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Ask Bob Blume – Column #87– Importance of Training & Education for the Actor

Ask Bob Blume – Column #87– Importance of Training & Education for the Actor

Welcome everyone, this is “Ask Bob Blume”, a weekly visual column with summary that discuss’ issues pertinent to today’s entertainment industry and appears exclusively here on Times Square Chronicles. I’m your host Bob Blume and president of Step Forward Entertainment, a talent management and production company located in both New York and Los Angeles. 

Our column is always also a benefit for the Actors Fund COVID-19 relief effort, and I’m asking you to go to the link below ( and,  if in position to do so, please donate.

In today’s column #87, I will discuss the importance of training and education for the actor.

If you’re a very accomplished actor with a large body of work, then your training and education will mean less to casting directors, agents and producers, as your work will speak for itself.   However, if you’re a young actor, a new actor, or an actor with few credits and not a lot of experience, your training and education become very important for the professionals to judge you and hopefully represent and hire you. 

Just like an athlete, a professional actor never stops training. Education is also important and if you have a degree from a good performing arts school like Northwestern, UCLA, USC, NYU, etc. the casting directors, producers and representatives will trust you more.

An actor is also judged on the type of training. An example of this is in the situation comedy or sketch comedy world, they will look for Upright Citizen’s BrigadeSecond City or Groundlings training on your resume.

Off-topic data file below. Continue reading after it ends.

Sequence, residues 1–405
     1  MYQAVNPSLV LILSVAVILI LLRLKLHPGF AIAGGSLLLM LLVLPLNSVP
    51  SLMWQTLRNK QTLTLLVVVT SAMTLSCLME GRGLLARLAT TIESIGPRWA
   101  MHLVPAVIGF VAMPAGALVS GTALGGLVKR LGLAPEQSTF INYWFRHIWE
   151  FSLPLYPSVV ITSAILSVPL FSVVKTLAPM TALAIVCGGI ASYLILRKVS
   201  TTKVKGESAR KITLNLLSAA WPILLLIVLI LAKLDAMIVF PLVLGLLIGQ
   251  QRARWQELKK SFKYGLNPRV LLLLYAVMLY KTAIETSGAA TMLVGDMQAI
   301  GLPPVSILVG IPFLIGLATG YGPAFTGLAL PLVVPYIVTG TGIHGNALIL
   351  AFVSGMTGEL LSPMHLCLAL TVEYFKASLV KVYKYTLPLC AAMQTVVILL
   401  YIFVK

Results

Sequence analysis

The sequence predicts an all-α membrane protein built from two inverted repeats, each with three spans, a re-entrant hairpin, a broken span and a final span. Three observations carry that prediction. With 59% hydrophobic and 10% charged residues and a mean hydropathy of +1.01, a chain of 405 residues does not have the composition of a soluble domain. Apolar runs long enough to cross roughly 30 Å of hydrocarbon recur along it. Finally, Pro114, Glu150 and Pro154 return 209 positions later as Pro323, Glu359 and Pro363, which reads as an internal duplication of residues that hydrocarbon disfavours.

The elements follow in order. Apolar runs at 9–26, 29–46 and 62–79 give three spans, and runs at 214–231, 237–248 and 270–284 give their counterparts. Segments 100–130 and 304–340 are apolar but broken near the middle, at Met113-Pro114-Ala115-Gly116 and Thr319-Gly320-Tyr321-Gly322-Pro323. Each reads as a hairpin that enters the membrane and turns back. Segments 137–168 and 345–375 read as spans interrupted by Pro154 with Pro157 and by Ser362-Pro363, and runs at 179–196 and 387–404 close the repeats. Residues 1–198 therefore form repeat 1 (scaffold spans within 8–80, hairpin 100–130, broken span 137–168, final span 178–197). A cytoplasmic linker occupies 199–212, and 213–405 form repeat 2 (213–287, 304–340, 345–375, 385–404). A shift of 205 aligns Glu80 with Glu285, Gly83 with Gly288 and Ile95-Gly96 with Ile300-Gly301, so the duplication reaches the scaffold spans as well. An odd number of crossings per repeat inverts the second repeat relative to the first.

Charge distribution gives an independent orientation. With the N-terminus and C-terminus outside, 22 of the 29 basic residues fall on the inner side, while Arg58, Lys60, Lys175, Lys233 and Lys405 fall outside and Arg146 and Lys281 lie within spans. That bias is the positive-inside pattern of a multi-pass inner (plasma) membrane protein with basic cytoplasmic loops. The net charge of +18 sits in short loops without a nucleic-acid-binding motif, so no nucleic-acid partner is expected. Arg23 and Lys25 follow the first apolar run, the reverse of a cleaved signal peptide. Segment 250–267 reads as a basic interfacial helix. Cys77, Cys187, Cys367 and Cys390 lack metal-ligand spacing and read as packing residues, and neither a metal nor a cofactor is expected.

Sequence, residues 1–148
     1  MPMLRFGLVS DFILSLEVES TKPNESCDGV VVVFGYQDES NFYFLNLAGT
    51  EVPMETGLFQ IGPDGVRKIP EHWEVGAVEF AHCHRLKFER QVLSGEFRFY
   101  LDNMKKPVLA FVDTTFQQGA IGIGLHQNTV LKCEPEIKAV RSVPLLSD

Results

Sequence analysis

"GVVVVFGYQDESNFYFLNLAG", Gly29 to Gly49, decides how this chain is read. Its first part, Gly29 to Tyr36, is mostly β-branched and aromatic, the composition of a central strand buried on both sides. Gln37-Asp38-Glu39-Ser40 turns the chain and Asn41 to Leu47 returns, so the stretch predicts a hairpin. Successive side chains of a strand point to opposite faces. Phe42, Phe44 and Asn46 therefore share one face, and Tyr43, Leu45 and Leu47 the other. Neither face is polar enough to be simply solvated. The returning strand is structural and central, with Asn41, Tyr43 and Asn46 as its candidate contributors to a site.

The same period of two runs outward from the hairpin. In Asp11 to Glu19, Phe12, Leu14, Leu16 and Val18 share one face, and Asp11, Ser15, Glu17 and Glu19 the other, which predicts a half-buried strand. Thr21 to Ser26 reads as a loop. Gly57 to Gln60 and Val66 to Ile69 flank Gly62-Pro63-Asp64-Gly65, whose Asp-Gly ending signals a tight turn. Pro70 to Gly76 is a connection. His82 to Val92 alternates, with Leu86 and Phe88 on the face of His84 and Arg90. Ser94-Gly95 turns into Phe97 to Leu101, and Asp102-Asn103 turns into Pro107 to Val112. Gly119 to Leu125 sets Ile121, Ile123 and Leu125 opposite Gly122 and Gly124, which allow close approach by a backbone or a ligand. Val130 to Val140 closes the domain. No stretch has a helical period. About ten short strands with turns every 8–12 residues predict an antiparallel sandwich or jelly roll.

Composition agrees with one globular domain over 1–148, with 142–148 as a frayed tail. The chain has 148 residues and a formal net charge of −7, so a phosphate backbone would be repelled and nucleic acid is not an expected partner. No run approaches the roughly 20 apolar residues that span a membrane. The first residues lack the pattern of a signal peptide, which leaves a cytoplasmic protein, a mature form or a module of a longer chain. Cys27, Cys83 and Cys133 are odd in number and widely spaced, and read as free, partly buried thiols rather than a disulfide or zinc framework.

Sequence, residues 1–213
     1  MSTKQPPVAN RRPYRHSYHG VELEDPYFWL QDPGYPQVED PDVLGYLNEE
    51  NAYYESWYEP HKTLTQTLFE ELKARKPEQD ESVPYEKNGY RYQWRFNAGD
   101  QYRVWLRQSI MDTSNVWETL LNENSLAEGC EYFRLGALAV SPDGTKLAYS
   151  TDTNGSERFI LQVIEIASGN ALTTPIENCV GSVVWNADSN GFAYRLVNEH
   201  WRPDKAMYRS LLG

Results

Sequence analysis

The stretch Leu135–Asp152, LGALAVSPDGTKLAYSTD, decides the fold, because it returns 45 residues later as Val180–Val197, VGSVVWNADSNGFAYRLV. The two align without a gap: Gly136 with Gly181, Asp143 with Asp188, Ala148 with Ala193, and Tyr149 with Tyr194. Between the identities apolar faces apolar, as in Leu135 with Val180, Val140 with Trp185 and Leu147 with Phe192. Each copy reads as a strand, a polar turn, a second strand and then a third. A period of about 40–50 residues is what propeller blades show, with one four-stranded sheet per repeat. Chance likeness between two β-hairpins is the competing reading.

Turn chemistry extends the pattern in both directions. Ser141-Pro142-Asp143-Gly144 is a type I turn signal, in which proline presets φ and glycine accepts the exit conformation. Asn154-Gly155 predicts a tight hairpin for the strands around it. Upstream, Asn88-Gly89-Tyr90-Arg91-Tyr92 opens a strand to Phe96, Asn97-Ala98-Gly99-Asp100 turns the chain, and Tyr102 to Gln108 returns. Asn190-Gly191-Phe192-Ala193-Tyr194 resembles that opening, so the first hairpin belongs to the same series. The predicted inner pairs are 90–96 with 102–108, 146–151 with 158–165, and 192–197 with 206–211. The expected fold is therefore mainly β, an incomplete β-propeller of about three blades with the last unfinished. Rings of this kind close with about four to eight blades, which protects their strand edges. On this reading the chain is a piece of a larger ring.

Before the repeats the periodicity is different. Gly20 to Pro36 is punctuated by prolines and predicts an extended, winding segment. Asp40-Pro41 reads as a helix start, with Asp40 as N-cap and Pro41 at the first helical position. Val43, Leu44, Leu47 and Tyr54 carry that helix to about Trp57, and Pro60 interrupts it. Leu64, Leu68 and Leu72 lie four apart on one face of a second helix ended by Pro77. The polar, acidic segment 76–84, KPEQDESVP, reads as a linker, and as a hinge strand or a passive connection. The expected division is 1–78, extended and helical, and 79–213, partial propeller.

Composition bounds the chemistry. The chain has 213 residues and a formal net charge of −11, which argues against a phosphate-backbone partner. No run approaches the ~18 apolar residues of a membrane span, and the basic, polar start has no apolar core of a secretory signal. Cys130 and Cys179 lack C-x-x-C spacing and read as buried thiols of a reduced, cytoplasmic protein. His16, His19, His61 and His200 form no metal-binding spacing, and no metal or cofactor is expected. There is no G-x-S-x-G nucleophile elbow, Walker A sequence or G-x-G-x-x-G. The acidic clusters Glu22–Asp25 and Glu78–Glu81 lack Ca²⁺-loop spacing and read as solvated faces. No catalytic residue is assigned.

For Broadway performers, those that hire, or represent, the actor will look for the dramatic training, dance training, voice training, etc. Those actors with strong training credits will have a leg up on those without those classes on their resume.

Agents want to know that their clients are continually working on their craft and some even have it in their contract – no regular classes and you are dropped!

Most working actors have a regular coach to go to when they have a major audition.  These “brush up” sessions are often the difference in booking the job or not.

Vocal coaches not only help the singer stay strong and to use the vocal instrument properly, but they can help them sing over a cold.

There were few none live classes during the pandemic, but now there are many live classes and still many are taught on Zoom.

An actor must do something every day to better their position.  Great talent needs great coaching and medium talent needs great coaching.  ALL actors need coaching!

I hope I’ve impressed upon you the importance of constant training and a good education!  

Have yourself a wonderful week!  Onward and upward. Thank you.

Step Forward Entertainment site is

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To see ALL the prior columns: ASK BOB BLUME columns


Ask Bob Blume is a new twice-weekly Video Column giving career advice to actors/performers of all ages, who are either current professionals or looking to enter show business. The column will offer free advice, and answer questions from viewer emails by Robert R Blume (aka Bob) a respected veteran entertainment talent manager and producer. As the President of the bi-coastal talent management and production company Step Forward Entertainment, Bob currently oversees the careers of professional actors/singers/dancers/reporters, as well as serving as an Executive Producer of the Annual DRAMA DESK AWARDS (the “Golden Globes” of theatre) from 1999 until 2018. To submit questions: For information on Bob: /

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